For most people the changes in ways and means of supporting the underclass are purely theoretical. However I am constantly surprised at the number of women who share my experience of having bounced on the safety net. For me, the bounce happened because I was fortunate enough to be awarded a Literature Board Grant, paid over two financial years before going back on the pension when my book was finished. There was another bounce caused by writing art criticism for the Sydney Morning Herald and the Bulletin. I became an art critic because as a single parent with small children I needed a job where I could mainly work from home, even though the money was spasmodic and the pension an essential part of my income. Money was tight – I learnt to recycle teabags, drink powdered milk and turn off the heating after the children went to bed.

There were other costs in being a part of the underclass. When one of my children developed classic symptoms of dyslexia her teachers refused to believe that it was possible for her to be taught to read – children of the poor are supposed to be at the bottom of the class. It was only after I was able to have her privately tested that I was able to get her into the excellent Macquarie reading program.

Because government policy was supportive, it was possible to use the pension as a base for building a career. I started a PhD. Writing led to casual teaching at university, which was financially even more unstable as the official academic year for sessional teachers is only twenty eight weeks. The safety net paid when the money stopped and sessional teaching was a necessary prelude to the relative security of a contract lectureship.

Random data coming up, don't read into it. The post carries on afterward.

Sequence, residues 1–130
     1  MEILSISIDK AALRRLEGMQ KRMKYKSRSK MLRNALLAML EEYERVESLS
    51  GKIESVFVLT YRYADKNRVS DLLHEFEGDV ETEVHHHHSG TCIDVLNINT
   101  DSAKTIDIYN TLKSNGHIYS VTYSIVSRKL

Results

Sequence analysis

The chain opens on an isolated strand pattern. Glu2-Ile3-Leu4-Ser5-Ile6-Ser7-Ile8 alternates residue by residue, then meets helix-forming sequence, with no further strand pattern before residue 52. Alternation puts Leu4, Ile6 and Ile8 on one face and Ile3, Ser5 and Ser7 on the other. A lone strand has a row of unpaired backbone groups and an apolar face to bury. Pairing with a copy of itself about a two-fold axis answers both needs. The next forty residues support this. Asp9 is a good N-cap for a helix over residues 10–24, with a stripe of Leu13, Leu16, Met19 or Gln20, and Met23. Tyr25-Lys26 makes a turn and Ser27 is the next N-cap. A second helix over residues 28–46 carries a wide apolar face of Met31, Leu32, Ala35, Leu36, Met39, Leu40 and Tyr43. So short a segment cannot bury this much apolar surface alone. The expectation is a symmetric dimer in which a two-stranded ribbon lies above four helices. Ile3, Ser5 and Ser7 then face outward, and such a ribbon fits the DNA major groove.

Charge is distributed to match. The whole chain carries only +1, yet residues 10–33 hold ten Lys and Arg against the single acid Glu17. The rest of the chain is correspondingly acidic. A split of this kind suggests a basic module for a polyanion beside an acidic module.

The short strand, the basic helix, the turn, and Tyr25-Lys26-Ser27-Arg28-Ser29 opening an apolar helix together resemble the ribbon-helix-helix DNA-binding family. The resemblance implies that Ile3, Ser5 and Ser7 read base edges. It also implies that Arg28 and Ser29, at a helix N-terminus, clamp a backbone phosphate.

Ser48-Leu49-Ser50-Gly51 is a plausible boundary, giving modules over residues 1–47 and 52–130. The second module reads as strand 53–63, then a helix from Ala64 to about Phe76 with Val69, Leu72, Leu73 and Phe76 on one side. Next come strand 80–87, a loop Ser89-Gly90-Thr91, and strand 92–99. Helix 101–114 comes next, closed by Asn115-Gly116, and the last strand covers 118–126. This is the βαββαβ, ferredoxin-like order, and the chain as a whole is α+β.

If I had not been given the sense of a layer of protection then it would have been impossible to risk further study with its commitment of time and effort. Without a pension to pick up the down times, I would have had to aim for a less flexible, and less well paid, form of employment.

Now that I have a full-time job I am immunised against some of the more lunatic rules of government that affect all low income Australians, whether partnered or single. Past governments paid various allowances that recognised adolescents as seriously expensive additions to any household. They eat more than adults. They grow two shoe sizes in the space of six months and their clothes follow suit. Yet now government support is focussed heavily towards the preschool years. It is hardly surprising then that the children of the poor tend to leave school early and so prepare to spend their lives in some form of the underclass.

There were too many jokes about Mark Latham’s ladder of opportunity in the last election. Yet he had the right idea about helping people out of black holes and keeping safety nets for when times go bad. Maybe we need another metaphor, or perhaps a less punitive mindset.